Boeing had told regulators to remove simulator training from requirements before the FAA approved the jets, which became Boeing’s best-selling aircraft, in 2017, partly due to easily transitioning pilots from older models to the Max.

Though on Tuesday, Boeing reversed its stance and said it would recommend simulator training for pilots before the 737 Max can return to service.

The announcement comes ahead of Monday’s arrival of Boeing’s new CEO, David Calhoun. CNBC reported in December that Calhoun’s goals include improving transparency with its airline customers and regulators.

To that point, Feith said that Calhoun should bring on an internal and external group of auditors to probe the company.

“And compare and find out if, in fact, these organizational issues did have a very detrimental effect on safety,” Feith said. “Now, while the general public may perceive that, when you look at how long we’ve been certifying airplanes in the United States and how long Boeing’s been certifying these airplanes, I really have a hard time believing that with all of these comments and these emails that Boeing would turn out an unsafe airplane.”

-CNBC’s Leslie Josephs contributed to this report.


Company: cnbc, Activity: cnbc, Date: 2020-01-10  Authors: jessica bursztynsky
Keywords: news, cnbc, companies, exntsb, public, messages, regulators, feith, paints, max, faa, light, risks, emails, employees, boeing, shocking, internal, safety, official


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Former NTSB chair: Boeing’s emails reflect blatant disregard for safety

Former NTSB chair: Boeing’s emails reflect blatant disregard for safetyJim Hall, former NTSB chairman, and CNBC’s Phil LeBeau join the “Power Lunch” team to discuss the investigation into the Ukrainian flight that crashed in Iran shortly after takeoff. Iran denies the jet was shot down by a missile.


Former NTSB chair: Boeing’s emails reflect blatant disregard for safetyJim Hall, former NTSB chairman, and CNBC’s Phil LeBeau join the “Power Lunch” team to discuss the investigation into the Ukrainian flight that crashed in Iran shortly after takeoff.
Iran denies the jet was shot down by a missile.
Former NTSB chair: Boeing’s emails reflect blatant disregard for safety Cached Page below :
Company: cnbc, Activity: cnbc, Date: 2020-01-10
Keywords: news, cnbc, companies, shortly, reflect, shot, power, blatant, iran, chair, ukrainian, team, disregard, emails, ntsb, safetyjim, takeoff, boeings, safety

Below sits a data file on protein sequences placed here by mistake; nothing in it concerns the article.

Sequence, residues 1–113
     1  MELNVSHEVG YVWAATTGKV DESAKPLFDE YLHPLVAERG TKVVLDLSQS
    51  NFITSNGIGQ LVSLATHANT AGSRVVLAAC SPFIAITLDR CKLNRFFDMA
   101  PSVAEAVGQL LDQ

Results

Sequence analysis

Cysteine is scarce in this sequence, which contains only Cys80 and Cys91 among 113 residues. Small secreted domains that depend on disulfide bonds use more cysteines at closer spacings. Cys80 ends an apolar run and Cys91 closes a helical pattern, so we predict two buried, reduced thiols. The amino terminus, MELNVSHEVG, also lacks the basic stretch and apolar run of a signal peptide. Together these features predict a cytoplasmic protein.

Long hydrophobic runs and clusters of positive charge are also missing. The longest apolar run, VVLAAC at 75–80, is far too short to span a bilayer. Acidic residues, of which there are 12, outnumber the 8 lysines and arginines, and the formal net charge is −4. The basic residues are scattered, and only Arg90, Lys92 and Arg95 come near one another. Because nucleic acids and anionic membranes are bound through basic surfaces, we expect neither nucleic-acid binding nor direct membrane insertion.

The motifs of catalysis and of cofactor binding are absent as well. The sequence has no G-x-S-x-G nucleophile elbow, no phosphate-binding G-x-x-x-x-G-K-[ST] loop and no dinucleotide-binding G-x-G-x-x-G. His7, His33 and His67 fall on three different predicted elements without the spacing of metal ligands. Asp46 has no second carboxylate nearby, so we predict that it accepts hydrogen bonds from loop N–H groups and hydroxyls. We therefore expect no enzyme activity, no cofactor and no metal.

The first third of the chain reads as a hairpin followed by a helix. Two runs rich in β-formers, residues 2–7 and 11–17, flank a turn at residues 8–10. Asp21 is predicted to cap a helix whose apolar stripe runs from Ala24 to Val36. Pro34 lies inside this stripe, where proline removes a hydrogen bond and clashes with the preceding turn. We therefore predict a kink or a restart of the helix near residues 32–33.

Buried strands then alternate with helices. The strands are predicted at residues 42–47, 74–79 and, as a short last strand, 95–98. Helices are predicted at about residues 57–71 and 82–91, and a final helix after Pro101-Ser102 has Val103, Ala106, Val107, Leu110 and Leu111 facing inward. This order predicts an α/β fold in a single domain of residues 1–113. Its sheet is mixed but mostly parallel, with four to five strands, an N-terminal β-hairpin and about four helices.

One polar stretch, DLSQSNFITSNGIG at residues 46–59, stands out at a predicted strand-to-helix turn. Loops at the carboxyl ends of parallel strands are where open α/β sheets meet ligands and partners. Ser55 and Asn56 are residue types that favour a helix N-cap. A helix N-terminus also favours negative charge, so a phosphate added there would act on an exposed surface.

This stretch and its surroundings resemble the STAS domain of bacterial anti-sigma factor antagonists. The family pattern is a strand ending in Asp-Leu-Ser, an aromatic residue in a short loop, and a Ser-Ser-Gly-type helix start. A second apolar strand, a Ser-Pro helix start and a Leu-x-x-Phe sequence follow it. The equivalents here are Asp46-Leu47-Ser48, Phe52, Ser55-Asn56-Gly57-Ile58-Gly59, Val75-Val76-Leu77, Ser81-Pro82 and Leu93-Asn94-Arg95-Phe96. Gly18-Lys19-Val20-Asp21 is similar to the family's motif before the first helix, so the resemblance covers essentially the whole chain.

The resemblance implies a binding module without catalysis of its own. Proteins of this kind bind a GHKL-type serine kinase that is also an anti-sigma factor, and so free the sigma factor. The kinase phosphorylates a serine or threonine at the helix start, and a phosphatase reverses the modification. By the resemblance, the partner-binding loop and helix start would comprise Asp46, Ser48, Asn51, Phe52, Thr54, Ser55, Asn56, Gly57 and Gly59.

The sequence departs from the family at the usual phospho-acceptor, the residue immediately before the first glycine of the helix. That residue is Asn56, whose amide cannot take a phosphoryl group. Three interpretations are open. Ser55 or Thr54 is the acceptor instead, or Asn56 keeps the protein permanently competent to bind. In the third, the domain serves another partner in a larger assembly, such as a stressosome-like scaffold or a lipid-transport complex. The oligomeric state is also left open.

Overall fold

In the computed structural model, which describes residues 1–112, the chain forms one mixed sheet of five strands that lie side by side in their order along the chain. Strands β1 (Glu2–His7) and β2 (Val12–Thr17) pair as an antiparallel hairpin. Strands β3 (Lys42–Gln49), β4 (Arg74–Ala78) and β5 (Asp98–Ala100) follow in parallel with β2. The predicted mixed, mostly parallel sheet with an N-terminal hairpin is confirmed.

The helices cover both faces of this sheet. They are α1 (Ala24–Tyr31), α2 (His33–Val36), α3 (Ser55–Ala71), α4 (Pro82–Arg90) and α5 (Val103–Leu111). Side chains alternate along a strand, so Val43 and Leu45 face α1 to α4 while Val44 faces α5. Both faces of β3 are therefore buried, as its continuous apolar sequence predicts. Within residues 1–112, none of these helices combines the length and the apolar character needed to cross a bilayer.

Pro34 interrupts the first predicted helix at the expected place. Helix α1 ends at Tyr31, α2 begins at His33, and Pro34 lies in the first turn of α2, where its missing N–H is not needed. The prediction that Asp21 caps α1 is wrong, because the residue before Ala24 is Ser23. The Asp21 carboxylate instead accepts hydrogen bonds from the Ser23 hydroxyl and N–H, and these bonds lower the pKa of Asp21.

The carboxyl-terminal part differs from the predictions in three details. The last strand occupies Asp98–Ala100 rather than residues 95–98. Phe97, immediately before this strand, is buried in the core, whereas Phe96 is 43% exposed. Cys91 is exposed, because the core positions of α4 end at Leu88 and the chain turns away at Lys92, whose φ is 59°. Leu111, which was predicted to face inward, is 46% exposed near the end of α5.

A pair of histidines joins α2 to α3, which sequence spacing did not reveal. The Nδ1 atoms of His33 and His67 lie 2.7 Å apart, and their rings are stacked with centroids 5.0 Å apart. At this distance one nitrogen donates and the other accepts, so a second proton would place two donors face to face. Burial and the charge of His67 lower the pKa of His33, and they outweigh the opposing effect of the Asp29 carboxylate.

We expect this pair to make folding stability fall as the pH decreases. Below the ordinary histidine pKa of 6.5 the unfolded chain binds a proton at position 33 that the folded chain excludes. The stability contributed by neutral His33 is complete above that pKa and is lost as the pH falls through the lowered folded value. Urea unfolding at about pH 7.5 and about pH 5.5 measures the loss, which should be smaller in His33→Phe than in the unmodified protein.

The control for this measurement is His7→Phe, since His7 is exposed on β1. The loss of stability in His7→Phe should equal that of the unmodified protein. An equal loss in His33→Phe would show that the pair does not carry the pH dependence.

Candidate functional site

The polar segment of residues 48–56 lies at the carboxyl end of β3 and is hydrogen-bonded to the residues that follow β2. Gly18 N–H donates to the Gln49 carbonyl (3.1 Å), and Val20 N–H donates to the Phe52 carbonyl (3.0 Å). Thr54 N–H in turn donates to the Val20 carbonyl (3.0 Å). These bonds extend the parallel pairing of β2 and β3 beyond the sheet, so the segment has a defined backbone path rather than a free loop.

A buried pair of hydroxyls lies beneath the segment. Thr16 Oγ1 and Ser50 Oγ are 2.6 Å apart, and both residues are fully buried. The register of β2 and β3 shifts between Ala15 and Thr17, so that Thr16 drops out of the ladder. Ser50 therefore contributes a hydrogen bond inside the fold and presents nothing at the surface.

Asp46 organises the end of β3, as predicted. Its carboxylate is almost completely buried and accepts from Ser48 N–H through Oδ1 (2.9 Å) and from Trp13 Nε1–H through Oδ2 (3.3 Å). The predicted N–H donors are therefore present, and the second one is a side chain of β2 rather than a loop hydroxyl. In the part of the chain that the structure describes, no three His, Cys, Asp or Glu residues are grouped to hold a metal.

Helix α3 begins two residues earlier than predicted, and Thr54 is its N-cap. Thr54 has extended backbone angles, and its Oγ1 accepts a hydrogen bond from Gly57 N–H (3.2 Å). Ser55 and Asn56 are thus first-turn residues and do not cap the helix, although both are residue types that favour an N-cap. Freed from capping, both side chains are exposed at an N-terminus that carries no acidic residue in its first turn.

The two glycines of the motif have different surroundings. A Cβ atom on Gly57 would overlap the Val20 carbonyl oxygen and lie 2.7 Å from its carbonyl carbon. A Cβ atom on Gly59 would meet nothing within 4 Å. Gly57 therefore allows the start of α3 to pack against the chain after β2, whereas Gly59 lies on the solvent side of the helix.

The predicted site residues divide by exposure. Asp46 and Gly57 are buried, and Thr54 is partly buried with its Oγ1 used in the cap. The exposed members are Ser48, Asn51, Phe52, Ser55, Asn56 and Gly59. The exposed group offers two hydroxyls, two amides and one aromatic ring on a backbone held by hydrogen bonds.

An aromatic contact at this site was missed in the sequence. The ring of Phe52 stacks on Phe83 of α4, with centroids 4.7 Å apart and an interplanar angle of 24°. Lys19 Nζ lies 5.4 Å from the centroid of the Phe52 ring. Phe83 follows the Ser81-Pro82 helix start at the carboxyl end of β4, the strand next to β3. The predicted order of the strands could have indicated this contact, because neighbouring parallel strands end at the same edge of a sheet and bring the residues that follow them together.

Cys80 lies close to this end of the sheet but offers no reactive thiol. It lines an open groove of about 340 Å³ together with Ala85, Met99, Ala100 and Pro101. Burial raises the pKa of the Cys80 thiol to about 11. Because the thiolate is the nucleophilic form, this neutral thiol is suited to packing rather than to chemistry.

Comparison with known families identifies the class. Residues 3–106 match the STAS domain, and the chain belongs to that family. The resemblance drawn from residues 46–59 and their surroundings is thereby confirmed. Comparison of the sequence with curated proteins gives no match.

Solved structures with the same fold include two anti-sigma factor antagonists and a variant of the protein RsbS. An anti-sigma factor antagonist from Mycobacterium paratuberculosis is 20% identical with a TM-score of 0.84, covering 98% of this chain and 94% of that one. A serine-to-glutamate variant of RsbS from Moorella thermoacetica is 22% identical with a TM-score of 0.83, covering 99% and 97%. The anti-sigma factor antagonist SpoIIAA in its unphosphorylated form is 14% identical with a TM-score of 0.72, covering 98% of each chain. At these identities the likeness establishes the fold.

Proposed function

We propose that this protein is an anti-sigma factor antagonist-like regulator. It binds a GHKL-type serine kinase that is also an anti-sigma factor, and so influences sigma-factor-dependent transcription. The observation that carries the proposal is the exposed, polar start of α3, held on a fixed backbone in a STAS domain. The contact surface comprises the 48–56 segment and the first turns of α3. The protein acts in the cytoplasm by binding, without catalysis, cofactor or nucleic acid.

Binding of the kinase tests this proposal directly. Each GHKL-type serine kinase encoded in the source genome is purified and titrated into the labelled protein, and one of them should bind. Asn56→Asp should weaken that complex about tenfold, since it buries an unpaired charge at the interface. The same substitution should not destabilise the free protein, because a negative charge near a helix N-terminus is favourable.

Former NTSB chair: Boeing's emails reflect blatant disregard for safety

Former NTSB chair: Boeing’s emails reflect blatant disregard for safety

Jim Hall, former NTSB chairman, and CNBC’s Phil LeBeau join the “Power Lunch” team to discuss the investigation into the Ukrainian flight that crashed in Iran shortly after takeoff. Iran denies the jet was shot down by a missile.


Company: cnbc, Activity: cnbc, Date: 2020-01-10
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‘Damning’ Boeing messages reveal efforts to manipulate regulators of 737 Max

Boeing employees boasted about bullying regulators to approve the now-grounded 737 Max without requiring pilots to undergo simulator training while others raised safety concerns and complained about lax standards, according to a trove of internal documents the company released on Thursday. Boeing shared the messages with the Federal Aviation Administration and lawmakers, one of whom called them “damning.” Boeing said the messages “do not reflect the company we are and need to be, and they are co


Boeing employees boasted about bullying regulators to approve the now-grounded 737 Max without requiring pilots to undergo simulator training while others raised safety concerns and complained about lax standards, according to a trove of internal documents the company released on Thursday.
Boeing shared the messages with the Federal Aviation Administration and lawmakers, one of whom called them “damning.”
Boeing said the messages “do not reflect the company we are and need to be, and they are co
‘Damning’ Boeing messages reveal efforts to manipulate regulators of 737 Max Cached Page below :
Company: cnbc, Activity: cnbc, Date: 2020-01-09  Authors: leslie josephs
Keywords: news, cnbc, companies, messages, training, 737, boeing, documents, max, manipulate, regulators, efforts, damning, safety, type, company, reveal, simulator


'Damning' Boeing messages reveal efforts to manipulate regulators of 737 Max

Boeing employees boasted about bullying regulators to approve the now-grounded 737 Max without requiring pilots to undergo simulator training while others raised safety concerns and complained about lax standards, according to a trove of internal documents the company released on Thursday.

The contents of the more than 100 pages of internal messages present a fresh crisis for Boeing, which is struggling to regain its reputation after two fatal crashes of the 737 Max that killed 346 people and months of revelations that showed how the company designed a flawed airliner and sold thousands of them around the world.